Sparring

Nine months later, Nicholas is born.

Kahlan resists as long as she can, but she is a mother first, and she cradles him against her breast, and tells herself the rules don't apply, not in her case.

The first few months are a whirlwind of caring for Nicholas, of course—no matter how many nurses and tutors and servants Darken chooses to employ for the little prince, Kahlan is never truly easy when her son is out of her sight.

She's not sure whether to be more afraid for him, her child, her hope for the future—or everyone else, the innocents he will no doubt hurt, as is his nature, as a male Confessor.

She tries to tell herself the D'Harans aren't innocent, but she was trained to judge people, and she admits to a grudging admiration for that ceaseless courage and respect—her husband's soldiers were once (and are still, she tells her treacherous heart) her worst enemies, yet they afford her all the marks of her new authority, as their Queen.

It's…unsettling, particularly since she knows perfectly well she has no power. She despises herself for thinking this is better than languishing in a dungeon, even if she still sleeps alone…

(Not that she misses those nights with Darken, desperately trying to get pregnant so that Richard can return—)

And then one day, when Nicholas is taking his afternoon nap and peacefulness seems to have descended on the entire Palace, Kahlan paces up and down her rooms restlessly, willing herself not to dwell on memories that can only confuse her and divert her from her purpose.

I know what I need, she realizes with a sudden jolt, a really good sparring session! It's been so long since she fought for her life (physically, anyway) and Kahlan hates the thought that she's losing her edge—she won't turn into the perfectly coiffed and perfectly useless lady it would be so easy to become, now that she wears slippers instead of boots.

She hasn't seen her daggers since the night Richard disappeared, of course, but it isn't as though, short of locking her in her rooms, Darken could ever keep weapons wholly out of her grasp, uneasy peace or not. The People's Palace was once a fortress, and Kahlan still gets chills sometimes, studying tapestries and picturing wars even more terrible than any she's lived through.

She wanders the corridors, thinking about finding Darken—but that's just going to end one way; I can't kill him, that would ruin everything—not that he'd give me the chance—and in the heat of the moment, I might—

Kahlan squeezes her eyes shut and makes herself picture Richard—she isn't getting his smile exactly right, and she struggles with it for what seems like forever—

"Oh!" Kahlan's eyes fly open as she turns a corner and bumps into someone—smooth leather against her velvet gown (too bad the material is so thick…)—"Dahlia!"

"My Lady," Dahlia acknowledges, stepping back respectfully. If she weren't a Mord'Sith, Kahlan surmises she might even apologize, although the collision was all Kahlan's fault.

Kahlan looks Dahlia up and down, unconsciously relaxing—knots of tension she didn't know she had disappear, and she tosses her elaborately curled hair over her shoulder and smiles, because things are finally going her way.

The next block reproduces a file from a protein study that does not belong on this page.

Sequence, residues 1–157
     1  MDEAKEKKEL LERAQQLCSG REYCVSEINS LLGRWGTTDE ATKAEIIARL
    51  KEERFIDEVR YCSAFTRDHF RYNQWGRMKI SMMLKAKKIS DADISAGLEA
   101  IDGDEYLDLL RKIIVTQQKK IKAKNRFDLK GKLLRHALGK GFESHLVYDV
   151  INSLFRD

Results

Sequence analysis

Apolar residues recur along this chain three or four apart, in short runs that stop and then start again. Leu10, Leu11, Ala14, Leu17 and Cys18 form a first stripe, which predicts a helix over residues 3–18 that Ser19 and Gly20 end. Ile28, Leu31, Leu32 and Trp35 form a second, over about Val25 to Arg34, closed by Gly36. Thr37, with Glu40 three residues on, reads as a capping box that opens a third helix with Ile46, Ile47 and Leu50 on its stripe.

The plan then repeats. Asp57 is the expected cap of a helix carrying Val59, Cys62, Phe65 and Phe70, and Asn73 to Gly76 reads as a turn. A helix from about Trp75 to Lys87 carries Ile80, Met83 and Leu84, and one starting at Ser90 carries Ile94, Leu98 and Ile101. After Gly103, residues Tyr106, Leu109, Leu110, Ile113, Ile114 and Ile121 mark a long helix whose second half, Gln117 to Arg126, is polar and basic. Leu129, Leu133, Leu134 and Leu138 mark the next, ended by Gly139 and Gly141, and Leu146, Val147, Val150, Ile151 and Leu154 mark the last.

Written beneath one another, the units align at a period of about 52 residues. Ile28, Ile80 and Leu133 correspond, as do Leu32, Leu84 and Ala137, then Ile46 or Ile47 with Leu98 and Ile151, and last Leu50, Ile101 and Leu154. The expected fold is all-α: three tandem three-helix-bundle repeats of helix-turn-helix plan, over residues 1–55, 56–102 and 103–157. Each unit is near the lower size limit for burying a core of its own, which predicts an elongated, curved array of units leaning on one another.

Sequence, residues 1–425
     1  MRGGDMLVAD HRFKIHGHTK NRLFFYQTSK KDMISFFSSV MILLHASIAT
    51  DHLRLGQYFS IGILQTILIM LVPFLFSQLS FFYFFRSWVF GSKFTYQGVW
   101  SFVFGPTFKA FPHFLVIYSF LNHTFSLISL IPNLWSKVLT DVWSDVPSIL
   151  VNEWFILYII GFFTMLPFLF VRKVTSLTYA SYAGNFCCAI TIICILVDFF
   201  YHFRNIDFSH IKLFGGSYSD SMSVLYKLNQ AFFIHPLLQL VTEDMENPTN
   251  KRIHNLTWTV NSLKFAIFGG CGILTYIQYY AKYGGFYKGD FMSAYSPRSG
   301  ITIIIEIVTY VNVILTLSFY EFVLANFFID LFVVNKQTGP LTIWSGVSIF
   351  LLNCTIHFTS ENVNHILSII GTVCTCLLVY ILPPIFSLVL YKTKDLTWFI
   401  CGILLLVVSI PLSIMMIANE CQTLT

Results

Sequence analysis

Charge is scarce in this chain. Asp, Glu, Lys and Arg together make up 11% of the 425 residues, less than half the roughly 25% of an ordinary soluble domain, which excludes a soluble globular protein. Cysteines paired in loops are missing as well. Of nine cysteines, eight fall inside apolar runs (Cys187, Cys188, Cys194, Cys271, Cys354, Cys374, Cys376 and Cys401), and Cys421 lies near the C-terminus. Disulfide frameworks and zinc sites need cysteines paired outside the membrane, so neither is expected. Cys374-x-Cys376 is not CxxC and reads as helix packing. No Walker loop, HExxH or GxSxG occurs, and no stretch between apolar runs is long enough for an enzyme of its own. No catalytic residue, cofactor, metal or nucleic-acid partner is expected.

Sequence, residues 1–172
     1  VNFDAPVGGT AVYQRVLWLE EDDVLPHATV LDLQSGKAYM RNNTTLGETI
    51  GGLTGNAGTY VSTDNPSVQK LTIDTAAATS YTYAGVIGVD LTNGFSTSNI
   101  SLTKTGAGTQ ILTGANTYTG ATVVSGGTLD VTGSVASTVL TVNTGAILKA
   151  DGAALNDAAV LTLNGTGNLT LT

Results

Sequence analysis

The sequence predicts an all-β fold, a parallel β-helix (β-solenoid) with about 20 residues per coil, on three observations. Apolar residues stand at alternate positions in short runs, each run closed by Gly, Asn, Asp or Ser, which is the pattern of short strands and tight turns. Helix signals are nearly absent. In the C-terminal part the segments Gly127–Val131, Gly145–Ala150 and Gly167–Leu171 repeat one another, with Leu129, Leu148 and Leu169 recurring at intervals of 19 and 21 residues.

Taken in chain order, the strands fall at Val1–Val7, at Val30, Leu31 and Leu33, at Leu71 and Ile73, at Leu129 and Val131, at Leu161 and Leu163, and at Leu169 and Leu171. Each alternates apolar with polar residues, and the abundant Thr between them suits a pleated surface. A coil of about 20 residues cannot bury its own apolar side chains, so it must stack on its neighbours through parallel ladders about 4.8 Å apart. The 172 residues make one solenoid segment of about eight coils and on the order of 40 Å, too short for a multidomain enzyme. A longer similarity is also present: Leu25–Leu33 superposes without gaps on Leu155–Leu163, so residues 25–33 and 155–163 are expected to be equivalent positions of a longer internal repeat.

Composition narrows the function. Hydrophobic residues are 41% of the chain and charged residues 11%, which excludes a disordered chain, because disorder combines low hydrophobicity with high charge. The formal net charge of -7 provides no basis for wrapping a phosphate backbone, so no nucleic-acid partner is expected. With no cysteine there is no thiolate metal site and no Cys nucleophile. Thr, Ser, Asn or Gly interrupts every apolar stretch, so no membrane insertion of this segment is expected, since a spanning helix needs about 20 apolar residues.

"Dahlia," she says warmly, "Would you help me with something?"


At first, Dahlia worries Lady Rahl wants her to babysit little Lord Nicholas. Not that she isn't thrilled Lord Rahl has his heir (even if there's a part of her that still feels Cara deserved the honor—her son could have been—if it hadn't been for—but that is in the past), but she isn't much for children.

Besides, the boy has a good dozen nurses and other miscellaneous minions hanging on his every gurgle and wail, just as though they were already Confessed. (When do Confessors get their powers? She must remember to watch for that.)

"My Lady?" she asks, letting none of these thoughts show on her face.

But when she hears Lady Rahl's request, Dahlia permits herself to raise her eyebrows. "You want me to…train you?" she asks doubtfully. Not without Lord Rahl's permission—although the prospect does have a certain appeal…I know I can make her scream.

"No, I want you to practice with me," Lady Rahl smiles, her lack of anger at Dahlia's suggestion surreal. She links her arm with Dahlia's and pulls her along the corridors. "Where can we go?"

Dahlia's first thought is that her Sisters can't find out about this—unless she can turn being at the beck and call of Lord Rahl's Confessor bride into an advantage, somehow—so they can't go down to the Mord'Sith Headquarters. "The northern courtyard will be deserted," she says, "but you can't be serious—you're a Lady."

If Dahlia harms one hair on Lady Rahl's head—Lord Rahl was very specific.

But Lady Rahl once fought daily for her life, and life in the Palace, periodic assassins or not, can't compare to the adrenaline rush, knowing it's just you against the world—if you like that sort of thing.

Lady Rahl is out of practice, but it's really something to see, watching her fight in her heavy, billowing skirts, swift and graceful as she shouldn't be able to be. They don't use weapons at first, simple hand-to-hand—

Following the forms she knows backwards and forwards, Dahlia meets Lady Rahl's every move. Dahlia's style is defensive, a technique she perfected sparring with Cara and her other Sisters, none of whom will ever give an inch.